Friday, June 17, 2011

Black Hole Shreds Star

A recent news story regarding the devouring of a star by a black hole, an event purported to take place perhaps once in one hundred million years in any galaxy (though I'm not quite sure how that gets theorized or proven), caught my attention. This rare event gives rise to some fun and intriguing setting ideas. The implications are fairly obvious for science fiction and superhero games, I suppose, but what about for Fantasy and even Medieval Fantasy games? I like the notion that such a thing could cause strife in a culture that had seen a particular star as part of its religious or mythological legacy. Let's say, perhaps, that a fantasy culture had long looked toward a constellation as having significant meaning. Let's further suggest that the shape of that constellation was humanoid with the brightest star in a location that was purported to be the heart of that humanoid. What if that was the star that had been devoured and its light no longer shone?

If that constellation represented a war god, it could be seen as a sign that the god either died or lost its power. The backlash against that religion in its region could be huge. Any number of other religions might begin preaching against the religion of that war god more openly. They might even cause a general rebellion if that religion also had political power. The events that developed could be a simple as one in a series heralding the waning of a single religion or as complex as a multi-factional, continent-wide struggle for dominance.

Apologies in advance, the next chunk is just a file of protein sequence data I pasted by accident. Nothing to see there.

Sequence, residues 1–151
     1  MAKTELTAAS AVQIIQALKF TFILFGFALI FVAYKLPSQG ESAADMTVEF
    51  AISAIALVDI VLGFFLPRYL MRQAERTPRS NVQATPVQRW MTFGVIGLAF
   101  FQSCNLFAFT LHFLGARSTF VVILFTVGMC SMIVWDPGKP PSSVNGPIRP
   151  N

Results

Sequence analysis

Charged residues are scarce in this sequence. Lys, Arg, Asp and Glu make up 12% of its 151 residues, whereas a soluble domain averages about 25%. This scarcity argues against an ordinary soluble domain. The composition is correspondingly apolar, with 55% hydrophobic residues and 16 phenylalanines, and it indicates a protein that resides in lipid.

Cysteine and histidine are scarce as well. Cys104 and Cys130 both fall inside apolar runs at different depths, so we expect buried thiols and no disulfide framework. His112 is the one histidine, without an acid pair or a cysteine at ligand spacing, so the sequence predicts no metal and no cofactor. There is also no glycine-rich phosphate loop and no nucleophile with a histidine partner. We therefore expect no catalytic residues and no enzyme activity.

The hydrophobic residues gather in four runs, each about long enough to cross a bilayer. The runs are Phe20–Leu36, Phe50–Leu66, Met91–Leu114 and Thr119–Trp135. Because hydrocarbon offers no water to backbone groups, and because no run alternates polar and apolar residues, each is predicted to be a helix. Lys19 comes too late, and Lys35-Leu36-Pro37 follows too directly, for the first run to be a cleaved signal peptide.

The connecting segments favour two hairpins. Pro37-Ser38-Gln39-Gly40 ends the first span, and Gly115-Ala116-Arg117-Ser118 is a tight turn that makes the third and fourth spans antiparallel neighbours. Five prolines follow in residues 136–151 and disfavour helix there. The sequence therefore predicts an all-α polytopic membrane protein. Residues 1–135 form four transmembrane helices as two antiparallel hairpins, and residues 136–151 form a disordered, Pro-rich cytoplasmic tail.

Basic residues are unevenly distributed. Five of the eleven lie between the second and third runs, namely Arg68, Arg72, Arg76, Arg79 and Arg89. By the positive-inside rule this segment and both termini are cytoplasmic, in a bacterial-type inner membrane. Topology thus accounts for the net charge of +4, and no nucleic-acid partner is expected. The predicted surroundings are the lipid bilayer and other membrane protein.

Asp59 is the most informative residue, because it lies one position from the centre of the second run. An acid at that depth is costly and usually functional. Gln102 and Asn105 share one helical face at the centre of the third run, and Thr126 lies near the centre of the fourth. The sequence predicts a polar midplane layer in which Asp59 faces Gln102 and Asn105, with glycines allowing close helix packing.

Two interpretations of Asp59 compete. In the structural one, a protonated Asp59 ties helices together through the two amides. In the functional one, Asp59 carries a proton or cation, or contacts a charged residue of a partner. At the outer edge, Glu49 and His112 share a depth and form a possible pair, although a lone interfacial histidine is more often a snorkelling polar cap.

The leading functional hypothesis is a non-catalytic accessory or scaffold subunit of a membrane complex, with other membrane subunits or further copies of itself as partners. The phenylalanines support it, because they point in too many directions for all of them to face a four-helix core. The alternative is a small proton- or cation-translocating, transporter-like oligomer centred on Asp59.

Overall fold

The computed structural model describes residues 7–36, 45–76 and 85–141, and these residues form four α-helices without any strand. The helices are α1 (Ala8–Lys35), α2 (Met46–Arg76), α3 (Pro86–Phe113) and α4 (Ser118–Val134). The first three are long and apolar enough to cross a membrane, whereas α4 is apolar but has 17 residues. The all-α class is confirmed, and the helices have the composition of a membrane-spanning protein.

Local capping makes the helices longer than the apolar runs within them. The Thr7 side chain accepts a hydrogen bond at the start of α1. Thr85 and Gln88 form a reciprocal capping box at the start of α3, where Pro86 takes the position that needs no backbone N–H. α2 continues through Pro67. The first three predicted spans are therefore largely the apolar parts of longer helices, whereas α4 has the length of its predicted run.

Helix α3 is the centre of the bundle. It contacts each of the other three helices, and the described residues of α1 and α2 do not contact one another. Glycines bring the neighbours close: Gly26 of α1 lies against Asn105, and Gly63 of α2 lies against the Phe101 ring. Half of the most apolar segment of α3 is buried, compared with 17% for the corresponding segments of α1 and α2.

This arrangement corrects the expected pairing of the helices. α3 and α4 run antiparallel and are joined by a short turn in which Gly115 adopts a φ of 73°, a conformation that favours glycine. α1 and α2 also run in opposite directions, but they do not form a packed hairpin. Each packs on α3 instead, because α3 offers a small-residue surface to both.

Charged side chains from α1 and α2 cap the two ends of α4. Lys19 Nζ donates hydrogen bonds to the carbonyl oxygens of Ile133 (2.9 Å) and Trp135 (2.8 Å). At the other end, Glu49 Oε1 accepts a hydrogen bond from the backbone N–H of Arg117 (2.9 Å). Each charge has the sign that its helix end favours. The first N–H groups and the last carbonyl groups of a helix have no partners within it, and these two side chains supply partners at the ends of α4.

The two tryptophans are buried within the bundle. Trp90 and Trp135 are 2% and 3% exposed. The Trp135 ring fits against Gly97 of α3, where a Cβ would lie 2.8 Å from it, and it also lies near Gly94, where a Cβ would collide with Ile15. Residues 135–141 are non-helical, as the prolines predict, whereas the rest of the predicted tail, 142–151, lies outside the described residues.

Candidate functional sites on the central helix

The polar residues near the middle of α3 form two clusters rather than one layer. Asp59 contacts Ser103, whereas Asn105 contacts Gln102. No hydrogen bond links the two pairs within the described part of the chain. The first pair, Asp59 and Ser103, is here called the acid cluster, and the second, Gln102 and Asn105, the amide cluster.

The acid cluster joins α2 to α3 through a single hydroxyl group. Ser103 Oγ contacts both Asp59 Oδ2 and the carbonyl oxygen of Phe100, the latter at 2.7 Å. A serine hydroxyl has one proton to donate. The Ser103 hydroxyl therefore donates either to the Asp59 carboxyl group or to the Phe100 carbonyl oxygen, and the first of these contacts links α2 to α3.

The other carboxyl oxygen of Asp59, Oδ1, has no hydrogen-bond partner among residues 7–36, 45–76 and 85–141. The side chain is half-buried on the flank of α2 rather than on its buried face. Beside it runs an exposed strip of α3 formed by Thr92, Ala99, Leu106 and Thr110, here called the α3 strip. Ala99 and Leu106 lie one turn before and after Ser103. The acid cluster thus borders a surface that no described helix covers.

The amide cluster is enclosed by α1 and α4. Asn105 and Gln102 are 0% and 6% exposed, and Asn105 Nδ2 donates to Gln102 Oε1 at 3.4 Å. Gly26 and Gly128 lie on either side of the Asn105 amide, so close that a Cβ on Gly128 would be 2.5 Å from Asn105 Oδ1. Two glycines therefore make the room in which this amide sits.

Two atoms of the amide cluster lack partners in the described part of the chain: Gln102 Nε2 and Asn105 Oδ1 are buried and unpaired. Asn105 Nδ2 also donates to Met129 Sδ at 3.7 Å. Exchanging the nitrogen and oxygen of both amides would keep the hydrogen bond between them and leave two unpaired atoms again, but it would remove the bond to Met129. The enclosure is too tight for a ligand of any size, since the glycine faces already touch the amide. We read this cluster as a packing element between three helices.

Or, what if the figure represented a god of compassion, perhaps the followers take it as a sign to change their own modus operandi. A region that depending largely on the goodwill of a religious organization for survival might feel quite the pinch if they suddenly one-eightied on their generosity. Maybe the leaders of that religion take it as a sign that the god of compassion no longer sees the people as worthy of her assistance. Perhaps the leaders are concerned that they've misinterpreted the constellation for the life of the religion and all sorts of new speculation could fuel a very different direction for the followers.

Do as you like but I love the idea that two neighboring states, each with one of the above interpretations, both find themselves in very differing situations because, not only of their divergent religious philosophies but also because both have long been shaped by the same star in different manners and both will now have to deal with the loss of that star.